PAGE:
Food is essential to life. It also forms an important part of our cultural identity, and plays an important role in the economy. People are aware that the food they eat is an important factor affecting their health, but what is less well known is the impact producing and consuming food has on the world’s resources. Alongside the cars we drive and the energy we use to heat our houses, the food we produce and consume has a significant impact on the environment through, for example, greenhouse gas emissions, the use of land and water resources, pollution, and the impact of chemical products such as herbicides and pesticides.
Some of the growing concerns regarding our current food system are:
- Animal products are increasingly raised purely for profit, without regard to proper stewardship or health.
- Monocropping = cultivating crops that without rotating them with other crops, leading to a significant decrease of the soil quality.
- Food is transported and processed using large amounts of non-renewable resources.
- Food is being genetically modified, cloned, and patented.
The problem seems to be that we are separated from the origins of our food, so while we may realize that buying organic is important, organic is now just as industrialized as conventional foods.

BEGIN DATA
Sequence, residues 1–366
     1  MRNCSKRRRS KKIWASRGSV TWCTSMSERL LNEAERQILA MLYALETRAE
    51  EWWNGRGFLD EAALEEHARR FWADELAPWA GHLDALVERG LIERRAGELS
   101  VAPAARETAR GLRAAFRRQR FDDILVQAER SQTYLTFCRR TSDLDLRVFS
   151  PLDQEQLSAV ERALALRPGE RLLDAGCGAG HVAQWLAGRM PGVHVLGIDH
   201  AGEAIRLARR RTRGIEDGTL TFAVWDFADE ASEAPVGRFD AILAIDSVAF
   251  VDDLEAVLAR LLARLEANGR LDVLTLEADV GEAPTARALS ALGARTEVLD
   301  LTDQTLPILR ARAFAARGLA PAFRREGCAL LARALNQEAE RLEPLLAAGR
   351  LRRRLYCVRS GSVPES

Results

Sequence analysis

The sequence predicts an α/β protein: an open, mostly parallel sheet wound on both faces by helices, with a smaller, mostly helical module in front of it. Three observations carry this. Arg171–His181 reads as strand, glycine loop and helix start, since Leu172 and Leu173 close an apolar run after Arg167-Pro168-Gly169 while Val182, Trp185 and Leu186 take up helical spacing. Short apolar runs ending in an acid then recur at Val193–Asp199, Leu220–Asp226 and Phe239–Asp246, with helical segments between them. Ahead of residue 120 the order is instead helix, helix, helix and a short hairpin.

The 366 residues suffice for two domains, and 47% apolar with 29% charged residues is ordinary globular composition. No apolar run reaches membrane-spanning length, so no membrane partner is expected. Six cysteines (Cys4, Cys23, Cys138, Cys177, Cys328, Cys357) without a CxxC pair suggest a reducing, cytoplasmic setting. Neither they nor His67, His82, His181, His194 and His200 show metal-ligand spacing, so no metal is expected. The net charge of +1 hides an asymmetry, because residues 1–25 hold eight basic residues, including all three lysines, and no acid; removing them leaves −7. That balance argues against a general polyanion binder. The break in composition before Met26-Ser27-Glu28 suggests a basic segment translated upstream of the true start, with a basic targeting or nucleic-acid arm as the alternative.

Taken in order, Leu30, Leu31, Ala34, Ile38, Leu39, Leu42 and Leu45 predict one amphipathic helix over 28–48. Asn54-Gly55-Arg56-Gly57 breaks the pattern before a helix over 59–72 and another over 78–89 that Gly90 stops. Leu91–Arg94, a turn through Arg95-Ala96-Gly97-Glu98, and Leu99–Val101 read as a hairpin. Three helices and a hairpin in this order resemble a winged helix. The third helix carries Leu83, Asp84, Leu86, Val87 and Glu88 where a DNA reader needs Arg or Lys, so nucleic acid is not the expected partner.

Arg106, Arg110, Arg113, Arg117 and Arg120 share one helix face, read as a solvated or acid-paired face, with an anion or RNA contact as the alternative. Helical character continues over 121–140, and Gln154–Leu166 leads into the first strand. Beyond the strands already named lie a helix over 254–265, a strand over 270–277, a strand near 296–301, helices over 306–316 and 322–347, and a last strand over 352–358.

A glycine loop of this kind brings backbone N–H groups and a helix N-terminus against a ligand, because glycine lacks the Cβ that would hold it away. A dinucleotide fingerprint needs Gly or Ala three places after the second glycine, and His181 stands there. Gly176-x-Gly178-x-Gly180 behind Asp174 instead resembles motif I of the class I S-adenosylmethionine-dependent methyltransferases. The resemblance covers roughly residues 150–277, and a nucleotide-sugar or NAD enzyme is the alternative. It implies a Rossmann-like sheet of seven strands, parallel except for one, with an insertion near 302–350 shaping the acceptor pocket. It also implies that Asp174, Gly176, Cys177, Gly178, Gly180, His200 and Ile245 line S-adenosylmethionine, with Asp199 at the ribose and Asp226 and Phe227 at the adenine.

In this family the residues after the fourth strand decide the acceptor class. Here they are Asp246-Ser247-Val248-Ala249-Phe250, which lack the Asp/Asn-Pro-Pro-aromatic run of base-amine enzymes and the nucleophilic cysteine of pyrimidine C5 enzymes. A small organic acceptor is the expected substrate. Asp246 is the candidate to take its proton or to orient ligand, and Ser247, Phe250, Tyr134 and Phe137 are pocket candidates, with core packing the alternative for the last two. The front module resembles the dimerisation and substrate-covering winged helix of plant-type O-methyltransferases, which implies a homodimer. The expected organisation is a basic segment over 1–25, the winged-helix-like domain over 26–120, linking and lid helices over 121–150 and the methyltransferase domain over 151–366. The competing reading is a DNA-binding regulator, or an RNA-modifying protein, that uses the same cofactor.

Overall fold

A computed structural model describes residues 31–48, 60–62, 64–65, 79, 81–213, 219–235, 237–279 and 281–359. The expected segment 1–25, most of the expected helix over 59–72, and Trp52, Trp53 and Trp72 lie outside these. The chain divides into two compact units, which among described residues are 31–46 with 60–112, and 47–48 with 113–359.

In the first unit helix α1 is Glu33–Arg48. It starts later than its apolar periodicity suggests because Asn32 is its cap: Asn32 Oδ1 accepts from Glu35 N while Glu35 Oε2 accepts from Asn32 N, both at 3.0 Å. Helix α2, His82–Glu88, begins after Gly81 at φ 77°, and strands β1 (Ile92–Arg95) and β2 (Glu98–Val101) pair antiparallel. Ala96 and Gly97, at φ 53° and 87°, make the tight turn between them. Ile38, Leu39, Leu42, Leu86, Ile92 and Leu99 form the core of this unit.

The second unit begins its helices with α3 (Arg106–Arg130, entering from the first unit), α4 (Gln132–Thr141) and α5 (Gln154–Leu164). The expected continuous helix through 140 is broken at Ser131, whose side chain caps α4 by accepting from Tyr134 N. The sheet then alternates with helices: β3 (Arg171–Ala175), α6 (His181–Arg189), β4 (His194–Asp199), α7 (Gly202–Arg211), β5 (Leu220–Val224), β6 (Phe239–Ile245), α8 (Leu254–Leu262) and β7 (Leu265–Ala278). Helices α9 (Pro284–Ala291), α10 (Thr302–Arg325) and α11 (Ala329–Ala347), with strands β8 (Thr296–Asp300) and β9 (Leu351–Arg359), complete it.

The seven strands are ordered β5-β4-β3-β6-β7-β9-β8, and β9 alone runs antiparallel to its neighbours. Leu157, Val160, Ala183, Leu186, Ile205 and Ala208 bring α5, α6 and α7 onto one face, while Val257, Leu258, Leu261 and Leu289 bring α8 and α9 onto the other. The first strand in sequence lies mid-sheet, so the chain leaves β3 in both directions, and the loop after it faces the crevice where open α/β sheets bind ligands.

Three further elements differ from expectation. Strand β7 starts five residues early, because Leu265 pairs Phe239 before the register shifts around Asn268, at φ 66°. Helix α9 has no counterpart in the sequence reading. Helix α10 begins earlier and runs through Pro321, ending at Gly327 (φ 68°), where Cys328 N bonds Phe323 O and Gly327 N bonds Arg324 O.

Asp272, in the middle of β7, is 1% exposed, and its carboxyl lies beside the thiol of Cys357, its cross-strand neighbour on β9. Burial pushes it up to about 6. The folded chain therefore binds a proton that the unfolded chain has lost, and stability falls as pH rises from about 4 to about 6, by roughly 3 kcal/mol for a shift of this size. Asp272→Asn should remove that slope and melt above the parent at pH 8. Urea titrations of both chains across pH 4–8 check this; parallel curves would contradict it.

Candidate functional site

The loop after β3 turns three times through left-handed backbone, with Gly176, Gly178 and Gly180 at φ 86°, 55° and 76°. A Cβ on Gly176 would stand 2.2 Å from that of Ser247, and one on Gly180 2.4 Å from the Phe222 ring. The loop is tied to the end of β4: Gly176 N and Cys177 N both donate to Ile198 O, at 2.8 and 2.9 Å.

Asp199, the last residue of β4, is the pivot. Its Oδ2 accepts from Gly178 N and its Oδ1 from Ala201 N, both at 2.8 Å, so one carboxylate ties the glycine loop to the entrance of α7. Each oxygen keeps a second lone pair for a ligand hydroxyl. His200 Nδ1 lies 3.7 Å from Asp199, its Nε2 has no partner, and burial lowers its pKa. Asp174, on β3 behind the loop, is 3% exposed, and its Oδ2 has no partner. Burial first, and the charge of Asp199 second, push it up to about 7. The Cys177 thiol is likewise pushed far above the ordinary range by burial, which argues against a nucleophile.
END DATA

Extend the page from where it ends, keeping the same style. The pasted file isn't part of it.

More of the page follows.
Most of the food found in the grocery store is the product of an unsustainable food system. Consumers hold a lot of power, but recently I realized that dropping the role of the consumer might be even more powerful. Choosing not to support the industrial food system is the beginning of sustainable eating. This does not mean that everyone should stop buying food, buy a piece of land and grow their own produce.
So how can you contribute to food sustainability?
1. Learn to cook.
2. Eat locally.
4. Grow something. Anything. Start with herbs for example. Create a container garden.
5. Give up store bought convenience foods and make your own. Pesto, tomato sauce, granola…
6. Buy “fair-trade”. If you do not know your farmer because you are buying a product from a different country look for the “fair-trade” logo, which tells you that farmers are treated justly and paid fairly for their work.
7. Know the cost of cheap food. Do you ever wonder why some supermarket food is just so cheap? You may not pay for it at the cash register, but the cost to your health, the soil, and the environment are there.
8. Be willing to give up convenience. This may be the hardest part of changing the way you eat. On the other hand, it forces you to simplify your food in a way that promotes health and flavor. The simple truth is sustainable food does not outsource it’s preparation.
9. Eat mindfully. It may take more effort, but the rewards for you health and the preservation of our planet are convincing.
If we do not change our incredibly unsustainable food system, we will continue to compromise the capacity of our earth to produce food in the future. Think about what you personally can integrate into your daily routine to contribute to the food sustainability of our earth. It is worth it.